By: Cliff Daigle
Aaron Forsythe, head of magic R&D, was on the Brainstorm Brewery podcast two weeks ago. Among the many things mentioned on that show was that sanctioned Modern events have tripled in one year.
There were three times as many of these events held and sanctioned, meaning that this format is not only accessible, it is popular, despite the financial barrier to entry that has occurred in the past year.
Commander has seen a similar set of price trajectories in the past year, with a range of cards spiking due to Nekusar’s popularity and the release of a second set of Commander decks. Some of the format ‘staples’ are at high prices due solely to the appeal of this ‘casual’ format.
In many ways, these two formats have allowed Magic to have a period of sustained and substantial growth. More and more people are not only taking up the game, they are finding the ways to play that appeal to them. EDH brought back stacks of players, and when we returned to the game, we found that our old cards were worth enough to pay for our re-entry into this game.
I’ve said before that I’ve done my fair share of selling out. I wanted the cash instead of the cards. I’m likely to do so again.
When it comes to the growth of Magic, I’ve come to the conclusion that for the most part, reprints are not going to affect the price for long. Wizards has demonstrated that they want to err on the side of underprinting, and in some cases, being in a major set has not affected the price for long. Thoughtseize is going to be an exception, but it would not be surprising if that card regained a price level of $40 within two years.
While I can’t think of another game that waited until years 16-20 to start such a period of growth, I feel pretty good about the next couple of years. I don’t know if the next large fall set (a revisitation of an old one, if the pattern holds. Dominiaria? Alara? Zendikar?) will be the best-selling set ever again, but I can say that it will be fun to introduce new players that way.
As for some specific cards, I’m quite surprised at Athreos’s current price. We’ve barely started events with Journey, and until we start getting more results, I’d be happy to trade these away at $25 or so. It’s cheap and capable of being powerful, but what creature in Standard are we recycling for value? Perhaps that will be answered soon.
Mana Confluence is slowly trending down. It’ll be present in greedy control decks for the next year, but probably at a 2-or-3-of. I’m really surprised that with some decks not running basics at all Burning Earth hasn’t had a chance to shine. I’d pick up any Confluences around $10, but it hasn’t gotten that low yet. I would absolutely trade for them at $40 in value, though.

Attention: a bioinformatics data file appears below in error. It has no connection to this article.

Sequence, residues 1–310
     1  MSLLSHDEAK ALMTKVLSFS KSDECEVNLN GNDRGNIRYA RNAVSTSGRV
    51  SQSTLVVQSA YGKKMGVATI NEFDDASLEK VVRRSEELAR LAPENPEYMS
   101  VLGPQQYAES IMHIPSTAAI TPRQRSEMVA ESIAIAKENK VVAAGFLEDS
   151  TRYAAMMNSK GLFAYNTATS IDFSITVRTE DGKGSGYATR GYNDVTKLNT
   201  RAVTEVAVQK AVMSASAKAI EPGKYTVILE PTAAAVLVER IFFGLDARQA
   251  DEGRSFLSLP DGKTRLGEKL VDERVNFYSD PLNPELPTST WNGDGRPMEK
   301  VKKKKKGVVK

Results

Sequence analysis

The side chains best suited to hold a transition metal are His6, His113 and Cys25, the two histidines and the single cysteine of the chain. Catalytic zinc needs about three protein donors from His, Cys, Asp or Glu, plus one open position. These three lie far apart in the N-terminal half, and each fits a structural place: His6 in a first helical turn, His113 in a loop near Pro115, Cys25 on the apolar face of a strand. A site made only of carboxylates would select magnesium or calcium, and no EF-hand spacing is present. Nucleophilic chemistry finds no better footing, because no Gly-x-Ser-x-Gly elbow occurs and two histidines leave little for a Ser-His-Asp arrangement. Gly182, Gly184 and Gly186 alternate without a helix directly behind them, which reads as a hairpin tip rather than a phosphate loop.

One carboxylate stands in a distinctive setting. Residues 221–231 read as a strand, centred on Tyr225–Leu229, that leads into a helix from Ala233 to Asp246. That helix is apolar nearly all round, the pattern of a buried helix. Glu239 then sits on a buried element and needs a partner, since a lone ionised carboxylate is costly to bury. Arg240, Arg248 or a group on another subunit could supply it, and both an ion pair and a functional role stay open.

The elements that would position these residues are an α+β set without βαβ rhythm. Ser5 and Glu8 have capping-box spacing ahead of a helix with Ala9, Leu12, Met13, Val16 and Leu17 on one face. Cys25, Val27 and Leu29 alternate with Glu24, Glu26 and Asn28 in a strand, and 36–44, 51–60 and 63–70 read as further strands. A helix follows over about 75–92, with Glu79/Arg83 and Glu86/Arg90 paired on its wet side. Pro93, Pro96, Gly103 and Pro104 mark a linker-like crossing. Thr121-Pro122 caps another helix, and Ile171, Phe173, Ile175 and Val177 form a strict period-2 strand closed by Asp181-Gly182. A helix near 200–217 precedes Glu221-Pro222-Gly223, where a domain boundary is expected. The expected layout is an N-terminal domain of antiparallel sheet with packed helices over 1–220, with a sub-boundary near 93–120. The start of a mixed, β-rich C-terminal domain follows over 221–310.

Foil Kruphix, God of Horizons is around $25 and I would happily trade for them at that price. The casual appeal for that card is measured in megatons.
Finally, a word about the judge foils recently announced, including Force of Will: These include some very chase cards, and I’m least surprised by the old-frame Sword of Feast and Famine. You may expect Body and Mind and War and Peace to follow, as Wizards knows collectors love their cycles dearly.
I do not expect many of these foil Forces to make it far. They are going to be snapped up quickly, and I’ll be watching the effect on the non-foil Forces. Terese Nielsen has put some legendary alters of this card on the market for those who needed to make their nonfoils more unique, so there’s some collectors who might not care at all.
Will the market get flooded with nonfoils as people upgrade to foils? I don’t think so. I expect the nonfoil price to hold steady…with a good chance of it rising. Modern Masters taught us that when you bump the supply of a card, especially something that’s often a four-of, the demand can go up even more. We will have to wait and see.
I’d love to have one of the first judge foils, just to set the market on eBay!MTGPrice helps keep you at the top of your game with our daily card price index, fast movers lists, weekly articles by the best MTGFinance minds in the business, the MTGFastFinance podcast co-hosted by James Chillcott & Travis Allen, as well as the Pro Trader Discord channels, where all the action goes down. Find out more.